Use separate utensils and chopping boards. This is a tricky one, as it's tough and I would usually also wash stuff before using.
Use separate condiments like butter and jam jars. I buy squeeze mayo, honey and the least jars where possible.
Eating out (in Ireland we can only dream about this now of course):
It's important to declare that you are celiac to your waiter. Sometimes they will ask you if you are Celiac anyway so that they can let the chef know. When I was newly diagnosed, I wasn't really pushy about it, but after a while you get used to it, because it's better to do that than be sick later.
Ask about separate fryers. The chips might be gluten free but if they are fried in with wheat breaded products there may be cross contamination. Even up to a few years ago some waiter's would almost get offended when you asked if something is gluten free, but education and understanding in this area has improved hugely of late.
Some places might have gluten free pizza bases, however, if they are making the pizza in the same oven or on the same surfaces as the other pizza's there may be cross contamination. The day I discovered Four Star had gluten free pizza, I was so ecstatic. I ordered it 4 times in the space of 2 weeks. But on the fourth time, I was very sick. Needless to say it was all too late when I checked their website and it said "We can't guarantee gluten free, not safe for celiacs", gulp.
Not to worry though, there will be restaurants in your area that have gluten free options. I have a few local places in Galway that I feel confident ordering from like Milanos Pizza, Lana in Salthill, The Golden Rickshaw, Papa Rich, Hooked and the Galway food Parlour.
I was really low in Vitamin D in particular and was only alerted to this about a year after diagnosis. Once I started taking prescribed Vit D, I noticed a huge difference, I had so much more energy and my hair became a lot thicker. So you might need to take supplements for a while to get your levels back up. I won't go into specifics but there is a short article [here] worth checking out. Your doctor or the celiac clinic will do some tests for all these anyway.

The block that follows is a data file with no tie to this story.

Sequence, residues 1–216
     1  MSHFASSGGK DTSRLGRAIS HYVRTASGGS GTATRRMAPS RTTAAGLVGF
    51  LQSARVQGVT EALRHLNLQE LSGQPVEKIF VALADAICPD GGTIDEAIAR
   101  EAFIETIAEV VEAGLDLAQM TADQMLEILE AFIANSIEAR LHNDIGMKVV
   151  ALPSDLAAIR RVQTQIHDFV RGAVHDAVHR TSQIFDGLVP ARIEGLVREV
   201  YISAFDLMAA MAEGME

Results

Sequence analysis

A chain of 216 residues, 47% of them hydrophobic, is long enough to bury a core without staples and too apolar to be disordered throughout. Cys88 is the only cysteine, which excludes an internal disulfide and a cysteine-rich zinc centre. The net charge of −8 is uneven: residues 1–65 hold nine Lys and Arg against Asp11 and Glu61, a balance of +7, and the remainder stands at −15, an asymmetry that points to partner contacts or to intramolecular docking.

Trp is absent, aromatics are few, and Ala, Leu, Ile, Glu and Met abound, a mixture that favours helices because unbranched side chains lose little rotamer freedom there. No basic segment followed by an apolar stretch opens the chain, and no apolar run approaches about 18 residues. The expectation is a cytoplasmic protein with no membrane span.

Low Fibre - so people think that going gluten free means you are choosing to be healthier. But in fact a lot of gluten free foods are low in fibre. This was something I was missing out on and did not take into consideration at the start and before I got diagnosed. There are some good tips [here] which helped me to get back on track.
Family & Friends visits:
While some families and friends will be understanding of the condition, not all will be aware of it. If I am going to a party and I'm not sure if there will be gluten free options, I will bring some snacks just in case. Many places are very accommodating these days, so it's generally not as big a worry as it used to be for me.
Do not despair:
It can be a challenge at the start and very disheartening to not be able to eat what you want. However, it does get easier. I remember being very concerned going on my first big holiday after going on the diet. I was heading to Thailand for 2 weeks with my friend Roseanne who was Vegan (at the time it wasn't popular as it is now). We did worry that we wouldn't be able to eat anything over there. But we were pleasantly surprised as it turned out we had so many options to choose from. We even found a wonderful Gluten Free Vegan bakery in Chaing Mai beside our hostel.
You can't change the diagnosis, it is a lifelong condition. But you can choose how you deal with it. I hope it won't be long before you feel better. Let me know in the comments or on Instagram if you have any questions or want to chat ♥️